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Study of the Potential of a Macronutrient Balanced Normocaloric Diet to Treat Lifestyle Diseases

This study has been completed.
Sponsor:
Collaborator:
St. Olavs Hospital
Information provided by (Responsible Party):
Norwegian University of Science and Technology
ClinicalTrials.gov Identifier:
NCT01278121
First received: July 4, 2010
Last updated: February 3, 2012
Last verified: February 2012

July 4, 2010
February 3, 2012
February 2011
December 2011   (final data collection date for primary outcome measure)
Changes in microarray gene expression [ Time Frame: Day 1, 4 and 14 ] [ Designated as safety issue: No ]
Changes in microarray gene expression profiles in blood from morbid obese women, in response to balanced dietary macro nutrient composition
Same as current
Complete list of historical versions of study NCT01278121 on ClinicalTrials.gov Archive Site
Inflammatory markers, hormonal dietary responses and blood lipids [ Time Frame: Day 1, 4 and 14 ] [ Designated as safety issue: No ]
Blood will be screened for hormones, blood lipids and other inflammatory biomarkers
Same as current
Not Provided
Not Provided
 
Study of the Potential of a Macronutrient Balanced Normocaloric Diet to Treat Lifestyle Diseases
Food and Health; Testing of the Anti-Inflammatory Potential of a Macronutrient Balanced Normocaloric Diet

One of today's major health problem in the western world is related to lifestyle. Lifestyle diseases include obesity, T2D (type 2 diabetes), cardiovascular diseases and different types of cancers. For many years, a low-fat diet has been recommended to reduce obesity and lifestyle diseases, but by replacing fat with carbohydrates has lead to an increase of these diseases. Overweight is associated with a cronical low-degree inflammation, and later studies has shown that carbohydrates has an effect on the mecanisms of inflammation. Previous studies in the investigators group has shown that in healthy, but slightly overweight persons, a balanced diet of lower carbohydrate content regulates the gene expression in a manner that leads to less inflammation. In this study the investigators will look at morbid obese women (BMI>35) to see if the same, balanced diet can improve the inflammatory profile of the women.

The hypothesis of this proposal is that a carbohydrate-rich diet may cause a major deregulation of hormonal balance, causing both acute and chronic systemic inflammatory reactions mediated by white blood cells. We furthermore postulate that a carbohydrate-rich diet is an underexplored major risk factor in the development of obesity and life style diseases directly resulting from chronic systemic inflammation. We therefore want to use an integrated multidisciplinary systems biology approach to identify the hormones, genes and pathways specifically responding to a dietary carbohydrate reduction, to develop biomarkers that can be used for risk assessment, to identify molecular pathways and build mathematical models that describe the link between diet and inflammation, and use this knowledge to provide personalised dietary advice.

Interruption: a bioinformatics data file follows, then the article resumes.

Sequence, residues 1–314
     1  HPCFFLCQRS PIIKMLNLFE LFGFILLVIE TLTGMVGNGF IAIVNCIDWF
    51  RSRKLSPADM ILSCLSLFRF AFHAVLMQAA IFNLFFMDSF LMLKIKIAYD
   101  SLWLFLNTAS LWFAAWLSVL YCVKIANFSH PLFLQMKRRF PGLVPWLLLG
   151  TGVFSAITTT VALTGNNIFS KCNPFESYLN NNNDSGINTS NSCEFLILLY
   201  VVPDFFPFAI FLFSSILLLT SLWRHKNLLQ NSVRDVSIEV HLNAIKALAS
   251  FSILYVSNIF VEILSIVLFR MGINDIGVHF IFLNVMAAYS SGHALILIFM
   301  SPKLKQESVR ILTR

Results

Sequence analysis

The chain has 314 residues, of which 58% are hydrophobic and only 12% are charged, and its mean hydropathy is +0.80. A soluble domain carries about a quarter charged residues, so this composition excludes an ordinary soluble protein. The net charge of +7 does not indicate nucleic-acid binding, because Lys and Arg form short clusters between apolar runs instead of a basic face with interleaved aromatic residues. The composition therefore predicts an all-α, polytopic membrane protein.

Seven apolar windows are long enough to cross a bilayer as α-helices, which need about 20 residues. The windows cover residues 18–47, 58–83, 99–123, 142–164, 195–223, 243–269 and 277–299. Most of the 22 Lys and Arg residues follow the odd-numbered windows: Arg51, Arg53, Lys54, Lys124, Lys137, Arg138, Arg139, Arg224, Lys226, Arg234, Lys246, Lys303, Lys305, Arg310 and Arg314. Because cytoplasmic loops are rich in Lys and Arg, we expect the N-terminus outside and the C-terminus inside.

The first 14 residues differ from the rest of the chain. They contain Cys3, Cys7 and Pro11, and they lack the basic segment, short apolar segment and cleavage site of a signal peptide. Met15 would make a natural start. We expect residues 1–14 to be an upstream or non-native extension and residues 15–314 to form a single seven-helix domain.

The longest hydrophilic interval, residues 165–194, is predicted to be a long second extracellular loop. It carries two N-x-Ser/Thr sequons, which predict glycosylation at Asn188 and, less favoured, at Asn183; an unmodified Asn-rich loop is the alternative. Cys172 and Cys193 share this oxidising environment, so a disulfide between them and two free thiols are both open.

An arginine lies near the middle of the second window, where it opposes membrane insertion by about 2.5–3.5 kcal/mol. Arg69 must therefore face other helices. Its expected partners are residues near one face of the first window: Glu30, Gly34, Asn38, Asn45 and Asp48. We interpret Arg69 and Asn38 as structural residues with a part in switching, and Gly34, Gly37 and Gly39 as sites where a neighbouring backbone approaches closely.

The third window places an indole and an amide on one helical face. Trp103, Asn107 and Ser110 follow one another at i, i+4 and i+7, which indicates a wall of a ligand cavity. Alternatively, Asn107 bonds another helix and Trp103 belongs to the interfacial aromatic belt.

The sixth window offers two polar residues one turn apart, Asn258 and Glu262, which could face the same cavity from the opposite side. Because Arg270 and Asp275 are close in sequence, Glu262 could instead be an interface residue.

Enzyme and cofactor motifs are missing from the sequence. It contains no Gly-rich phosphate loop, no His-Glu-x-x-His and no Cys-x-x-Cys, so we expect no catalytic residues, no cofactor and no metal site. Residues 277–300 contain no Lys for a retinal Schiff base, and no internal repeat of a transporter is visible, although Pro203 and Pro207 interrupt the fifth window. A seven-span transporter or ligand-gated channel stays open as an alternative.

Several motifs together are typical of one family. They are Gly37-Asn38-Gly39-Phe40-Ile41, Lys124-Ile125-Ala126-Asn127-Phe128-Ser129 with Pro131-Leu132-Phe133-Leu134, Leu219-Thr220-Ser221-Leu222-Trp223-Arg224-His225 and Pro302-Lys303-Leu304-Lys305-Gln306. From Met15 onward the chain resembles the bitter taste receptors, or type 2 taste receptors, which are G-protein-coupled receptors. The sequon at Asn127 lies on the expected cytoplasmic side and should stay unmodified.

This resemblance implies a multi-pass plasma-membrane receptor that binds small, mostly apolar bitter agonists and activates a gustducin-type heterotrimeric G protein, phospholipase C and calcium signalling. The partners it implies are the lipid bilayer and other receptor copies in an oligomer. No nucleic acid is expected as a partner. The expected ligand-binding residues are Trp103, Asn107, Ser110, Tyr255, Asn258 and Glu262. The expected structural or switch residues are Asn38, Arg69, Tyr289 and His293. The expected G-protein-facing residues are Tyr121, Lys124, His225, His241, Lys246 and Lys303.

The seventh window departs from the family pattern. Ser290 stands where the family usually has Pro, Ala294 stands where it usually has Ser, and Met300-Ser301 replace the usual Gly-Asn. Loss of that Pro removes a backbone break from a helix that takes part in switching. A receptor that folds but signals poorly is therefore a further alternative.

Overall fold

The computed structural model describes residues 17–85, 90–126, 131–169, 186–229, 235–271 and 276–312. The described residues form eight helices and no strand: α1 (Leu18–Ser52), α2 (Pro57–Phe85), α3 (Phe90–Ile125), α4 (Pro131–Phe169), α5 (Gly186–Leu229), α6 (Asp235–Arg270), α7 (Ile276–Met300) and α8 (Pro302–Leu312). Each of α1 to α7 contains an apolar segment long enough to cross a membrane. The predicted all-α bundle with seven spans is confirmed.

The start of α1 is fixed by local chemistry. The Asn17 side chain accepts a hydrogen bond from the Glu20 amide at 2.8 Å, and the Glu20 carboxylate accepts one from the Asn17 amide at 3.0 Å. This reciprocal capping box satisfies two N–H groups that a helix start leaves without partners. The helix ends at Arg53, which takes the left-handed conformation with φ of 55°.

Interventional
Not Provided
Allocation: Non-Randomized
Intervention Model: Factorial Assignment
Masking: Open Label
Primary Purpose: Treatment
  • Obesity
  • Diabetes Mellitus, Type 2
  • Cardiovascular Diseases
  • Dietary Supplement: Diet A
    3 days, 6 meals a day
    Other Names:
    • Diet intervention
    • Obesity
  • Dietary Supplement: Diet B
    10 days, 6 meals a day
    Other Name: Low carbohydrate diet
  • Diet A: High-fat diet
    Diet given for 3 days to "reset" all of the participants
    Intervention: Dietary Supplement: Diet A
  • Active Comparator: Diet B: A carbohydrate-restricted diet
    The diet will be given for 10 days, 6 meals a day
    Intervention: Dietary Supplement: Diet B
Not Provided

*   Includes publications given by the data provider as well as publications identified by ClinicalTrials.gov Identifier (NCT Number) in Medline.
 
Completed
28
January 2012
December 2011   (final data collection date for primary outcome measure)

Inclusion Criteria:

  • BMI > 35 kg/m2

Exclusion Criteria:

  • Allergies (fish, nuts, eggs)
  • Patient under treatment/using medicine that can influence results
  • Pregnancy and lactation
Female
16 Years and older
Yes
Contact information is only displayed when the study is recruiting subjects
Norway
 
NCT01278121
2010.1122.3
Yes
Norwegian University of Science and Technology
Norwegian University of Science and Technology
St. Olavs Hospital
Principal Investigator: Berit Johansen, PhD Norwegian University of Science and Technology
Study Chair: Marian Forde, Cand.Scient. Norwegian University of Science and Technology
Norwegian University of Science and Technology
February 2012

ICMJE     Data element required by the International Committee of Medical Journal Editors and the World Health Organization ICTRP